The history of venture capital has never been very balanced, according to Aubrey Blanche, global head of diversity at Atlassian software development company and co-founder of Sycamore, an organization aiming to fix the VC funding gap for underrepresented founders. “White and Asian men have built the venture system and for generations have been seeking out people like themselves to invest in."
Personal and professional networks are critical for founders to connect with investors, but many multicultural women don't have access to the networks their White peers have. According to a study conducted by PRRI, the average White person has one friend who is Black, Latino, Asian, mixed race, and other races. This common situation makes getting that all important warm introduction to established VCs very challenging for multicultural women founders.
“Is the ecosystem of your network equivalent to your net worth? Absolutely," says Hardstock. “For us, we have to build our own ecosystem and recreate what happens on the golf courses and at the Harvard reunions."
To Hardstock's point, most multicultural women with entrepreneurial aspirations lack that Ivy League network. According to reporting published in The New York Times, Black students make up just nine percent of the freshmen at Ivy League schools but 15 percent of college-age Americans. This gap has been largely unchanged since 1980.
While notable female investors such as Arlan Hamilton, Joanne Wilson, and Kathryn Finney are actively working to close the funding gap for women of color, only seven percent of current senior investing partners at the top 100 venture firms are women. Less than three percent of VC funds have Black and Latinx investment partners. Without an influential network, Hardstock and entrepreneurs like her are left screaming for a seat at the table.
When Black, Latina, and Asian women founders do get in the room with the right investors, they have to work harder to get the investors to relate to their products and services. “Entrepreneurs solve problems they understand," says Blanche. “When multicultural women entrepreneurs present their businesses to a homogenous group of male investors who may not be equipped to understand the idea, they may pass on an amazing business."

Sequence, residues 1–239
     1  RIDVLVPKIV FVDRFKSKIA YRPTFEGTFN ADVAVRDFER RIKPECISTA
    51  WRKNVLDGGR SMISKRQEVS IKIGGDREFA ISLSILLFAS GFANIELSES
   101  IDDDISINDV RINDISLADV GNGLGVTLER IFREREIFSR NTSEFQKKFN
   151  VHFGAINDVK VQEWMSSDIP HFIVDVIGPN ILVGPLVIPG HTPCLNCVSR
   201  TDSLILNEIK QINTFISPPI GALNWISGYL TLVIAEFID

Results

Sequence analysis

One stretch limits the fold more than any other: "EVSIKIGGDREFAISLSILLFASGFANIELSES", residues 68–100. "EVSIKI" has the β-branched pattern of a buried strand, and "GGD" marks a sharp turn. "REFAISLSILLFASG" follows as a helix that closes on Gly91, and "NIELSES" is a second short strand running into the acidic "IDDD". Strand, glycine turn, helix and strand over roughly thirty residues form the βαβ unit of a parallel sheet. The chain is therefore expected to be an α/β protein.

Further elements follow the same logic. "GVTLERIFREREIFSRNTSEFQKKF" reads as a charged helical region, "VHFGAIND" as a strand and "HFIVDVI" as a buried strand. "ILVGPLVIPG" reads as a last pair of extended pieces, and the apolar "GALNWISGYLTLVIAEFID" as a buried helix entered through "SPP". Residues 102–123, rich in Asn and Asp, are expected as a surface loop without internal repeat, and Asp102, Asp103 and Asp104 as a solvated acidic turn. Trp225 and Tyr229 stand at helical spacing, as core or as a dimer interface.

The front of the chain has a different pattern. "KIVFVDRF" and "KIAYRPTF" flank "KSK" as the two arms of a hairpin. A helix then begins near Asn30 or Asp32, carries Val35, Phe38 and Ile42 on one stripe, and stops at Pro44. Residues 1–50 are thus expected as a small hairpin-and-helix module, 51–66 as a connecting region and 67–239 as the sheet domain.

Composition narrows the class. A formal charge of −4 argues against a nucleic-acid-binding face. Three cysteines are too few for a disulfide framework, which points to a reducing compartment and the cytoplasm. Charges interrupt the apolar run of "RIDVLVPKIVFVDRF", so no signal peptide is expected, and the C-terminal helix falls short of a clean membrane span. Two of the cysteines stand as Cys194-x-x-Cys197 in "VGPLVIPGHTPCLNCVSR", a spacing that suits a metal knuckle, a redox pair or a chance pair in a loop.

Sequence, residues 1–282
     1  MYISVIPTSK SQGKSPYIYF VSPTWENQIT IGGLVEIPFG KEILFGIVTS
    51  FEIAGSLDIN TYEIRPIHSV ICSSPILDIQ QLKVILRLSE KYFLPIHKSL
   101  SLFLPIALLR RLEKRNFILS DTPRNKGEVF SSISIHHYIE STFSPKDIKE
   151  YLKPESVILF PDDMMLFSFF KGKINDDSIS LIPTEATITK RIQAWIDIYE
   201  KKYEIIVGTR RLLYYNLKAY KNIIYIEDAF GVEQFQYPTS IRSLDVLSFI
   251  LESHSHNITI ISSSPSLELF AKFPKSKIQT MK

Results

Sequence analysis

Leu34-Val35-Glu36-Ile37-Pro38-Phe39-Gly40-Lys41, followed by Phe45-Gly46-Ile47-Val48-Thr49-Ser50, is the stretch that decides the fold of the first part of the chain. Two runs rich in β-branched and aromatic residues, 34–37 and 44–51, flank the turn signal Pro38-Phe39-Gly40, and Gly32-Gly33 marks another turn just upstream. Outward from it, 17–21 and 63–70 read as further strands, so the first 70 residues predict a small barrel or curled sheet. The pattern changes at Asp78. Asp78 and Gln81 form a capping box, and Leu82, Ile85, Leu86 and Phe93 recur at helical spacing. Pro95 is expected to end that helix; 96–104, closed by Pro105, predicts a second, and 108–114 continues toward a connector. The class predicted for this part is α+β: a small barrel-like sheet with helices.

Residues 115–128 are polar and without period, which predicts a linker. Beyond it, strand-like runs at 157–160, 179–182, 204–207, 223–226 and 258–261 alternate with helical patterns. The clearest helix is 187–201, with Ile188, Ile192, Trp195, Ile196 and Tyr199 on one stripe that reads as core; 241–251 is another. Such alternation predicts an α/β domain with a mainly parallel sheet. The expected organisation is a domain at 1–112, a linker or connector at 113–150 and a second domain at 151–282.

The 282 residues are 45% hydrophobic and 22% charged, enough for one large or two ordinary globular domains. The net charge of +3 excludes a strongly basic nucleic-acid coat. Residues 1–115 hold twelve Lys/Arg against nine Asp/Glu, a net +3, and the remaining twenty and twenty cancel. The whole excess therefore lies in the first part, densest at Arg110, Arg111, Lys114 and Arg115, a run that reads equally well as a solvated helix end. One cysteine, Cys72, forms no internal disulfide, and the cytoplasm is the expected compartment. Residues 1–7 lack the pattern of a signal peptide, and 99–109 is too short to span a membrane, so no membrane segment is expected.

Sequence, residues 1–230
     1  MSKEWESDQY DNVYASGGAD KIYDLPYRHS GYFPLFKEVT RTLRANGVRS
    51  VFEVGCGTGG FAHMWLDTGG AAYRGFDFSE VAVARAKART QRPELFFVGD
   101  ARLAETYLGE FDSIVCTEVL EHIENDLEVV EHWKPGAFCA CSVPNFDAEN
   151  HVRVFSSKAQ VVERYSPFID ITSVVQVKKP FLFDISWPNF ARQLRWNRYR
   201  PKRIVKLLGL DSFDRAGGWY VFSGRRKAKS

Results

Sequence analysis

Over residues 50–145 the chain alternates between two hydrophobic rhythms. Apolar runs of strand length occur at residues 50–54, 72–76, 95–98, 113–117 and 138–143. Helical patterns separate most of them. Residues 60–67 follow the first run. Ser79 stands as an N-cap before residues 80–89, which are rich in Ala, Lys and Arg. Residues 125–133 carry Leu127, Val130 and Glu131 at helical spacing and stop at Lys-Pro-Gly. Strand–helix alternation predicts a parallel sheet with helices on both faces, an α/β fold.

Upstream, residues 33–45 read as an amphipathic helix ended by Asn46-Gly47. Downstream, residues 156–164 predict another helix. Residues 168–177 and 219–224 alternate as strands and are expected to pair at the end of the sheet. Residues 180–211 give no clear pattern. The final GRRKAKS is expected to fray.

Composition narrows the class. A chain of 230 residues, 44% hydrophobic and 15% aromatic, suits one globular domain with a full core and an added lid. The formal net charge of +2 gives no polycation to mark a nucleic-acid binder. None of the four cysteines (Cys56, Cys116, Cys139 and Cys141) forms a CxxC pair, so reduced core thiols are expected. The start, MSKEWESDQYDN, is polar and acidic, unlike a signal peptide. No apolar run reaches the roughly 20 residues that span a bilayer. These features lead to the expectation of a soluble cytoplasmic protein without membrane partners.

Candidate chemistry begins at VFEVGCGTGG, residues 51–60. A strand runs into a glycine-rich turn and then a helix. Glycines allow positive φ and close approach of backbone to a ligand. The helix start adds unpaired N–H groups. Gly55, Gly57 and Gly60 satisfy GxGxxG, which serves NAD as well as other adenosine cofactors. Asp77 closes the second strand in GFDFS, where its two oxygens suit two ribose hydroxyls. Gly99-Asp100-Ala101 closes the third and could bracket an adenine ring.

Take, for example, the founders of Haute Hijab or LOLA. Founders of both successful startups would have to explain the market for their services to a table occupied mostly by men who may never have considered that Muslim women want more convenient access to fashion and have never considered women might prefer to purchase organic tampons.
This lack of familiarity typically means reduced funding for women and a host of other consequences.
As one recent study pointed out, even the way investors frame questions to women can impact funding. According to the Harvard Business Review, female founders are often asked “prevention-oriented" questions focused on safety, responsibility, security, and vigilance. Male founders, on the other hand, are often asked questions focused on hopes, achievement, advancement, and ideals.
When all of these factors are considered, a side letter may not be enough to begin to close the funding gap.
Both Blanche and Hull say real change can be made by democratizing information and education on impact investing. Both women say educating investors and MBA candidates about impact investing is the best way to overcome current bias.
Blanche's organization, Sycamore, produces a newsletter for new angel investors who want to help close the funding gap while making money in the process. Hull's firm has an internship program for multicultural girls from Oakland to expose them to the worlds of investing, entrepreneurship, business leadership, and financial literacy.
“I'm excited about the changes I see," says Blanche. “I see more firm employing the Rooney Law on an institutional level, an increase in smaller firms looking at underserved communities, and the democratization of institutional funding."
Hull adds that as long as multi-cultural women-led firms continue to show returns and outperform or perform on par with companies founded by White men, the investor community will rethink their portfolio strategies.
This piece was originally published in 2018.